Having held a pyrotechnician license for five years, here are the real goods on indoor pyrotechnical effects.
1: You must have a permit from the local fire department. No permit? No pyro. In Canada, you can’t even order indoor effects charges (pyro) without a special indoor endorsement on your license and a license for each place you plan to let them off. You can’t get the license without the local fire department being intimately involved in all aspects of the show. If the local fire department doesn’t like the look of you, or the venue, licenses be dammed, you ain’t getting a permit.
2. You must demonstrate the current possession of a $1,000,000 PLPD insurance policy for each venue. Not a group rider, an individual policy per venue. No insurance? No pyro.
3. Most indoor, small scale effects charges are what are called ‘cold’ charges, meaning mostly black powder and aluminum: Very little phosphorus or magnesium in the composition. Each charge is designed to burn bright but fast and extinguish before the hot parts can hit the floor.
Most are flash-bangs, which are small black powder charges with some aluminum powder to provide the flash, but not a lot of heat or smoke. The charge must go high-order very quickly and dissipate even faster. Fountain streams (or falls), like were used in Rhode Island are specially composited for each granule to light and go out in a very short period of time, gravity providing the illusion of a waterfall of sparkles. The specification of the effect charge tells you very clearly how far the flammable components will fall. The manufacturers test the hell out of them, then add a few more feet for safety.
4. The default rule is always NO. If you (as the technician) are even the slightest bit unsure about the safety, the answer is NO Fire. All small-scale indoor effect charges are dangerous, but can’t cause any ruckus if you don’t light them off. Can a careless technician cause a fire? Certainly, but your training is always drummed into you that NO is the default.
5: Indoor effects charges using pyrotechnical materials can almost all be duplicated by mechanical effects. For instance, a flash-bang can be simulated by compressed air and a single-shot high intensity strobe. Its called a burp-can and makes, essentially, a very loud, compressed air burp and triggers a strobe with a hellacious light at the same time. No smoke, no flame, no permit needed, but the same effect as a flash-bang.
Smoke wafting across the stage? I can rent five different kinds of smoke generators that plug into the wall, like a hair dryer and atomize chemical smoke across an element that produces clouds of thick smoke for Deep Purple cover bands.
Pillars of Flames of Hell? A fan on its back and silk streamers that are attached to the fan that blow upwards. A couple of lights on the silk, some red and orange gels in the lights and you have a very real looking pillar of flame. The Stones used it on Voodoo Lounge, rather than a full propane powered flame generator. Even works as a medieval torch on the wall of the haunted castle, just some silk, some lights and some electricity.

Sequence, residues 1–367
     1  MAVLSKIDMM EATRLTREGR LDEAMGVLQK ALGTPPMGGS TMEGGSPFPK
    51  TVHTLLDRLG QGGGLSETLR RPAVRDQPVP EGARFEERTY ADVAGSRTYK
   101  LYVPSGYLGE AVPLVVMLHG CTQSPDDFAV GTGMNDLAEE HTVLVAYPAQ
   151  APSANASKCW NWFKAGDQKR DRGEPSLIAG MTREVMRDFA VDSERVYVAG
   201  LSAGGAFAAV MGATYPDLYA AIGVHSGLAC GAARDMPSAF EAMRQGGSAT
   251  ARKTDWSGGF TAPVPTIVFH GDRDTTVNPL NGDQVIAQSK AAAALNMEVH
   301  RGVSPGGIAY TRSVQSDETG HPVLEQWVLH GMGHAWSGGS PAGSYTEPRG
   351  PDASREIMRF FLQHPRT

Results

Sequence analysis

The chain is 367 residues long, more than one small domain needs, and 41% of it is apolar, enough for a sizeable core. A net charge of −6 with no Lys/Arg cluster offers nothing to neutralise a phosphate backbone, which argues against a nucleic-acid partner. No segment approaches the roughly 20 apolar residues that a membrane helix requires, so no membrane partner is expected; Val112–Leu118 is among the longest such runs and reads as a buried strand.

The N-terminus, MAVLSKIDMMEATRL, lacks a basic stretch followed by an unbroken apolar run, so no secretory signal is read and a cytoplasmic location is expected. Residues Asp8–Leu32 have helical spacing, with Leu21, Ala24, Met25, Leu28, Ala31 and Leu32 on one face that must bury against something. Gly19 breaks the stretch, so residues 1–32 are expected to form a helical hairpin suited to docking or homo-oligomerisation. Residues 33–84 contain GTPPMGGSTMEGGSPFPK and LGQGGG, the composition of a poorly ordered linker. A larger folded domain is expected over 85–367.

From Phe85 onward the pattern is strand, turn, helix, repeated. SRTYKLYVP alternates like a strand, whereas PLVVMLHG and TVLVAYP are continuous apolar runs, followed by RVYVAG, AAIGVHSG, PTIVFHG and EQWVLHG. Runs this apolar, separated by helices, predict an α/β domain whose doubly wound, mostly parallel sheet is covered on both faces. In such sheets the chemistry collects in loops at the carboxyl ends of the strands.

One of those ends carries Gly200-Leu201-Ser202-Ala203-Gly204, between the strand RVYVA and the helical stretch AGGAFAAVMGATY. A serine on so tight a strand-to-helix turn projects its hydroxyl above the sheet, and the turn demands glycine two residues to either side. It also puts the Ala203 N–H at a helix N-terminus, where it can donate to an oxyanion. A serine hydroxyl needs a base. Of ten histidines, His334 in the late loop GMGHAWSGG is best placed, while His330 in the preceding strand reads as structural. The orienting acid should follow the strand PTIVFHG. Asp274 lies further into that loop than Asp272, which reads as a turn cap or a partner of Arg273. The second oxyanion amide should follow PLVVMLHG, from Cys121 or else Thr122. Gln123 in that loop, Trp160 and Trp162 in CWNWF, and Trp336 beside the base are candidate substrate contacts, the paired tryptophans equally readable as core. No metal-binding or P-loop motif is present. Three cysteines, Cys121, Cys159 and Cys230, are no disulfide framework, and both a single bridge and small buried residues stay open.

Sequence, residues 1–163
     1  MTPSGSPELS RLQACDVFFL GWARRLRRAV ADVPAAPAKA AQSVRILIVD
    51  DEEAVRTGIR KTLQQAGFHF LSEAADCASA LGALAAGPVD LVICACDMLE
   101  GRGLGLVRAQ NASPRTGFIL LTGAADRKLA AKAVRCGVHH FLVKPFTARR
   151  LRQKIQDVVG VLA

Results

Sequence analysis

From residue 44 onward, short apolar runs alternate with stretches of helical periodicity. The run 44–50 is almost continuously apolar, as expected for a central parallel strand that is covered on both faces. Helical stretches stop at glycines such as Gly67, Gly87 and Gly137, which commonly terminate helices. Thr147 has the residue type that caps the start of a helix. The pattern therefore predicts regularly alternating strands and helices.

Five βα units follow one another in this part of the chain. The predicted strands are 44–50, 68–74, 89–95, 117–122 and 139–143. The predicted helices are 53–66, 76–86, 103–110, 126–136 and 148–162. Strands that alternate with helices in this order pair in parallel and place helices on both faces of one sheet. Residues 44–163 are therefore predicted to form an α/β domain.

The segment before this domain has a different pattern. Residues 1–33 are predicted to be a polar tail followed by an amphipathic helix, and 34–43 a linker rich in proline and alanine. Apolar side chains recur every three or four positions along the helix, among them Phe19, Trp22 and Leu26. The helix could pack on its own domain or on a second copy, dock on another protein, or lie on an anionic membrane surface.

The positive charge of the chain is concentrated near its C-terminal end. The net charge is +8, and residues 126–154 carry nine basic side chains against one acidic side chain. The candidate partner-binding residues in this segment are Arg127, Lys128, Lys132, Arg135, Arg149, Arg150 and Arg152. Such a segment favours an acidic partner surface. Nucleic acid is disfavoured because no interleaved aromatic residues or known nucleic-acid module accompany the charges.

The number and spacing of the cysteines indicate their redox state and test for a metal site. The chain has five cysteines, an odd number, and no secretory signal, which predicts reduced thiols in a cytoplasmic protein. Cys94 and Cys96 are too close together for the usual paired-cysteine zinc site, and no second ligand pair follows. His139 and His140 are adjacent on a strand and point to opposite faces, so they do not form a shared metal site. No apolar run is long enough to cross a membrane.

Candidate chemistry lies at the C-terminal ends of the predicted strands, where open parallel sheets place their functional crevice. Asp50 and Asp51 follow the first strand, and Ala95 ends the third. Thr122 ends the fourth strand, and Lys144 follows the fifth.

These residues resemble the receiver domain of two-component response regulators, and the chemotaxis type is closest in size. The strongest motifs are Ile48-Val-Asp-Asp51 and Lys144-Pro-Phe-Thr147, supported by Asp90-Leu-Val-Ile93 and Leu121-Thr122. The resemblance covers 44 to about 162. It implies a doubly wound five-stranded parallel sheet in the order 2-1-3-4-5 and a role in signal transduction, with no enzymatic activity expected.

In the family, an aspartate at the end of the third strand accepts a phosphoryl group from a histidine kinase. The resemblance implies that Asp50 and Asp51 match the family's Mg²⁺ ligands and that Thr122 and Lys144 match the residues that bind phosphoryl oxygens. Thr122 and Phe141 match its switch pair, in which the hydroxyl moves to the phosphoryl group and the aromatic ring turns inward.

The simple end to this is: Someone messed up big time. I saw the footage this morning at 0530 and it was obvious there were no safety people with extinguishers in hand standing by. Training says that you must have someone ready to put the effect out if something goes wrong. Training says you don’t fire the effect if there is a potential for something to go wrong, or someone is out of place.
Two good CO2 extinguisher shots on that backdrop would have put it out almost instantly or suppressed it enough that the club could have been evacuated without the astounding loss of life that resulted.
Other deeply concerning things that have been mentioned. No sprinklers. This is just not good in the year 2003 for any commercial building, especially one that hosts many people in a crowded area. No emergency lights? Shoot, that’s just stupid. Adding to those outrages, I’d bet their were probably only three exits in the whole place and one was most likely chained shut.
Where the hell was the Fire Department inspection? Fire Departments in most states and provinces have the authority to enter any public facility at any time to look for safety violations and to shut them down until things are fixed. Expect to see Fire Departments across the continent step up their inspections of bars, night clubs, social clubs and party halls. This is as it should be and any club owner who cries too much about ‘its costing me too much to put in those emergency lights’ should be invited to go into another line of business. This is also why some cities have anti-rave ordinances. Not for the drug use, really, but for the complete lack of any kind of safety for the patrons in the event of fire.
Damn shame those people in Rhode Island had to burn to death and those others in Chicago had to be trampled to death. But if there is little or no inspection, or inspection without teeth, then there are always those who will cut corners to the point of the unimaginable happening in their clubs.